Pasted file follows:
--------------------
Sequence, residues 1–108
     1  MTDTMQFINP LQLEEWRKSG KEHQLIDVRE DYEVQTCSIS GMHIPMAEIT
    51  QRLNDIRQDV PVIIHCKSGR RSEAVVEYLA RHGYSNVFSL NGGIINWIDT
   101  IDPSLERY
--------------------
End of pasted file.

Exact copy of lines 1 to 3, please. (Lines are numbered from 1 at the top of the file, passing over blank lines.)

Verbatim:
Sequence, residues 1–108
     1  MTDTMQFINP LQLEEWRKSG KEHQLIDVRE DYEVQTCSIS GMHIPMAEIT
    51  QRLNDIRQDV PVIIHCKSGR RSEAVVEYLA RHGYSNVFSL NGGIINWIDT